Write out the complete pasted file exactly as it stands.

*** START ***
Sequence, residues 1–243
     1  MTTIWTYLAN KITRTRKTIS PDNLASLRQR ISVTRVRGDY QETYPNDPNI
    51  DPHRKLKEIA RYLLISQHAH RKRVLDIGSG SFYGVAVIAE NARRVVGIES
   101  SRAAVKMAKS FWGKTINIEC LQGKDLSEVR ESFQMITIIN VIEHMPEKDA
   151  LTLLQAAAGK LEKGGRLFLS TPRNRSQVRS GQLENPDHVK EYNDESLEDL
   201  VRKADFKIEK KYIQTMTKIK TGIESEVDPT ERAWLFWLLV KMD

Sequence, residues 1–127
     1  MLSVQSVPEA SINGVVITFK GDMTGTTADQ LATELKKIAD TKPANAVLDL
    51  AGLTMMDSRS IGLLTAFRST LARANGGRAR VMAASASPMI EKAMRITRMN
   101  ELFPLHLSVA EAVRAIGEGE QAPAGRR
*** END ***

Sequence, residues 1–243
     1  MTTIWTYLAN KITRTRKTIS PDNLASLRQR ISVTRVRGDY QETYPNDPNI
    51  DPHRKLKEIA RYLLISQHAH RKRVLDIGSG SFYGVAVIAE NARRVVGIES
   101  SRAAVKMAKS FWGKTINIEC LQGKDLSEVR ESFQMITIIN VIEHMPEKDA
   151  LTLLQAAAGK LEKGGRLFLS TPRNRSQVRS GQLENPDHVK EYNDESLEDL
   201  VRKADFKIEK KYIQTMTKIK TGIESEVDPT ERAWLFWLLV KMD

Sequence, residues 1–127
     1  MLSVQSVPEA SINGVVITFK GDMTGTTADQ LATELKKIAD TKPANAVLDL
    51  AGLTMMDSRS IGLLTAFRST LARANGGRAR VMAASASPMI EKAMRITRMN
   101  ELFPLHLSVA EAVRAIGEGE QAPAGRR